|| Grammar Spanish Pronouns All Personal Pronouns
We use personal1 pronouns2 to talk about people. They are usually used to make emphasis on the person or to avoid confusion. They can be used as subject pronouns and object pronouns.
Used as Subject Pronouns
Personal pronouns are considered subject pronouns when they tell us who does the action in the sentence.
Yo quiero bailar.
I want to dance.
Nosotros necesitamos más tiempo.
We need more time.
Usted no tiene por qué estar enojado.
You don’t have any reason to be angry.
Subject pronouns are not always needed because the verb tells the story in Spanish. This means that the verb ending tells us who we are talking about.6
Yo quiero comer.
I want to eat. (emphasis on “I”)
I want to eat.
Nosotros necesitamos dinero.
We need money. (emphasis on “we”)
We need money.
Él no come las verduras.
He doesn’t eat vegetables. (emphasis on “he”)
No come las verduras.
He doesn’t eat vegetables.
See the following example in a phrase:
Hay una chica que se llama Julia; ella tiene muchos zapatos, pero está triste porque quiere tener más zapatos.
There is a girl named Julia; she has a lot of shoes, but [she] is sad because she wants to have more shoes.9
Used as Object Pronouns
We use personal pronouns as object pronouns when they receive the action from the noun, they can go after the verb adding a preposition.10
Vamos a hablar con él.
We’re going to talk with him.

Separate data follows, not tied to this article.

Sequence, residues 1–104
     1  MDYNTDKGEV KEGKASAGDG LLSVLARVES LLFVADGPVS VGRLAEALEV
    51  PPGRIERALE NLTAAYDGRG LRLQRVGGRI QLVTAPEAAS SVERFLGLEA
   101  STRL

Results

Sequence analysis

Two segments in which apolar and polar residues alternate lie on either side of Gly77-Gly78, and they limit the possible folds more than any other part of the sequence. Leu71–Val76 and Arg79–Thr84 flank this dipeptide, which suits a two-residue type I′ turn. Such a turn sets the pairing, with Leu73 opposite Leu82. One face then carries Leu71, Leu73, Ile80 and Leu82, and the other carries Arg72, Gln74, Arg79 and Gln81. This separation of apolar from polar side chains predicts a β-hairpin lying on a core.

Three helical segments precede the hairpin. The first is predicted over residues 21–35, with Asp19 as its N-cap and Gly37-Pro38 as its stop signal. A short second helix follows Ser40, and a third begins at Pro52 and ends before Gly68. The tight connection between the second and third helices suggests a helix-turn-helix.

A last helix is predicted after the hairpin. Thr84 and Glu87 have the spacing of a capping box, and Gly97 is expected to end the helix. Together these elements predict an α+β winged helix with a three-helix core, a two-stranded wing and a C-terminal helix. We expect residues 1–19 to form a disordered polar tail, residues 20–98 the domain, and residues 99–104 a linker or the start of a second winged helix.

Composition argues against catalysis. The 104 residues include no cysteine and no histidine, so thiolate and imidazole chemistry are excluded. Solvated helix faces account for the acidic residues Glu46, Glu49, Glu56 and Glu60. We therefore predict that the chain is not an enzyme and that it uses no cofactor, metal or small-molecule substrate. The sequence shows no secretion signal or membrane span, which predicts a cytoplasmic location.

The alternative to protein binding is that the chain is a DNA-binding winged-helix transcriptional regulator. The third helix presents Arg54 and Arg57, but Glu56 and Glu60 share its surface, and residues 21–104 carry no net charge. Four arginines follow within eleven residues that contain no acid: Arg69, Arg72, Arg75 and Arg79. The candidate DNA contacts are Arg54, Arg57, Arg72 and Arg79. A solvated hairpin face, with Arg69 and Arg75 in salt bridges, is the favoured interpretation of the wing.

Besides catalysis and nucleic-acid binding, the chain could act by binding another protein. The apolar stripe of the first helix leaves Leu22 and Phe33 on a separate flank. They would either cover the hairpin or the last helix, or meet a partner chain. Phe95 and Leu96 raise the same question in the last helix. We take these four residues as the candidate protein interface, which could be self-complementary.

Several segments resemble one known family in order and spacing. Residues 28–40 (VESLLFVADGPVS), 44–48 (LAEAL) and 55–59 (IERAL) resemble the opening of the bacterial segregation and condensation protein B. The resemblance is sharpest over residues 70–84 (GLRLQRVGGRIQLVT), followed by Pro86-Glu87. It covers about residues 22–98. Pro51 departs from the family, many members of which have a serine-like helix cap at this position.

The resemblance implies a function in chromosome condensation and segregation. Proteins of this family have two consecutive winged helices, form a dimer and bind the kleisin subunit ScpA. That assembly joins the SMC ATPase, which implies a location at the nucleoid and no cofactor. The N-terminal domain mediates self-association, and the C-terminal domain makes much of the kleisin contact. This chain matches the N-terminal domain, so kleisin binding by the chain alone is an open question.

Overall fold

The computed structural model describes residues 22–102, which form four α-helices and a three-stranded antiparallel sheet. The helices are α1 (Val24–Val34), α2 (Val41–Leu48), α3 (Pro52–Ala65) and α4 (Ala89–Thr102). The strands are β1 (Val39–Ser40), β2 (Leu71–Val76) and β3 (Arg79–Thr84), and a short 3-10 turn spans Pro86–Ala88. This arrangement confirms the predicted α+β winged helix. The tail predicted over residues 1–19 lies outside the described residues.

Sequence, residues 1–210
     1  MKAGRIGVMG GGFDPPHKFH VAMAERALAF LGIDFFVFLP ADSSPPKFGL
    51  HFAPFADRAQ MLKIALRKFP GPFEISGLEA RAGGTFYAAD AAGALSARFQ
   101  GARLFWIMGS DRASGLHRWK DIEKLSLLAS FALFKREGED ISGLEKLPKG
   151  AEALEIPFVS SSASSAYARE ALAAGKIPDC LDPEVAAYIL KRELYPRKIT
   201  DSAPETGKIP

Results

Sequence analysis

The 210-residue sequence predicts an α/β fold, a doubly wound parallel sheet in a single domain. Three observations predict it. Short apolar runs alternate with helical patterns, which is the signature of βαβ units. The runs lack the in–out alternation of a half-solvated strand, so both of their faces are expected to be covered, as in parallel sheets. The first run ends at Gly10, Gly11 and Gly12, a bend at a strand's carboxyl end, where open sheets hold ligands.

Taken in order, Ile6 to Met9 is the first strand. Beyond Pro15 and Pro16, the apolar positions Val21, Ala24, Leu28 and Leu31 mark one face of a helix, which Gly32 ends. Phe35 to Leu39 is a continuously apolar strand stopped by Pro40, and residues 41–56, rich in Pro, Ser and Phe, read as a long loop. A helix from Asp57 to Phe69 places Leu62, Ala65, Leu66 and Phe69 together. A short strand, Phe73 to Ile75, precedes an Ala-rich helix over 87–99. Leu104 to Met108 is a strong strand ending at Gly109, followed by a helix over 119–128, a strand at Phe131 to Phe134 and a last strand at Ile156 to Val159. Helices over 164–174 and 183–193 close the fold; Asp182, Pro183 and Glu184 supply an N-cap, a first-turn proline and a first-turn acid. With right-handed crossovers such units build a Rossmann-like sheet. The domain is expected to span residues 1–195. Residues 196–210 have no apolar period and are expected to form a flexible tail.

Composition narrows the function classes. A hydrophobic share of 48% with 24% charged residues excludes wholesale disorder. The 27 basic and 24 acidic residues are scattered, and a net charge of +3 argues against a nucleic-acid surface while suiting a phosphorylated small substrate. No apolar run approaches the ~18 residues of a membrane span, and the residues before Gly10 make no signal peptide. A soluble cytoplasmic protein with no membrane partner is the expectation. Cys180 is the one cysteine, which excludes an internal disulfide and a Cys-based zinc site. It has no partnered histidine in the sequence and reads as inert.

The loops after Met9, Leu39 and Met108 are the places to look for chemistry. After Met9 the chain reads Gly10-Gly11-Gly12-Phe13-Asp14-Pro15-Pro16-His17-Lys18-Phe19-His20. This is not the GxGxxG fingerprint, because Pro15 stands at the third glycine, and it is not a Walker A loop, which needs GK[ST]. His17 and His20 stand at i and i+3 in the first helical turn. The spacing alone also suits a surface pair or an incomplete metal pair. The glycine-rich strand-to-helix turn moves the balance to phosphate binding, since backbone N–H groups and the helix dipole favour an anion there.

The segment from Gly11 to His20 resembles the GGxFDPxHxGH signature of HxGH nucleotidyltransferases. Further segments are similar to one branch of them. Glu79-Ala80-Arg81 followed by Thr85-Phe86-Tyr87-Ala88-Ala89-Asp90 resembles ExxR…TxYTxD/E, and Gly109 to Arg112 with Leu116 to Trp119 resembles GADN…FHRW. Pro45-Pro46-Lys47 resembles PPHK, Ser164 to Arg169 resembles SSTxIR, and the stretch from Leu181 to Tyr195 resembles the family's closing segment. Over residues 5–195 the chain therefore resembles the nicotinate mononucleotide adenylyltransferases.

Mis abuelos no trajeron nada para mí.11
My grandparents didn’t bring anything for me.
Entre tú y yo, ese señor está loco.
Between you and me, that guy is crazy.
Julia piensa que todo tiene que ver con ella.
Julia thinks that everything has to do with her.
1. they have to do with people: personal
2. they replace nouns: pronouns
3. instead of tú, some countries in Central America and South America use vos, but they understand tú
4. vosotros/vosotras is mainly used in Spain
5. to see the differences between tú and usted see the chart below.
6. some forms like the forms for él, ella and usted or ellos, ellas and ustedes have the same ending.
7. we know that it’s “I want” because the o at the end of quiero means “I”
8. the –amos in necesitamos means “we”
9. When we know who we’re talking about, we don’t need to say their name or “he” or “she” before the verb. It’s understood without it.
10. Some common prepositions are: a, con, de, para, & por
11. after most prepositions, yo and tú become mí and ti. With con (with) they become conmigo (with me) and contigo (with you).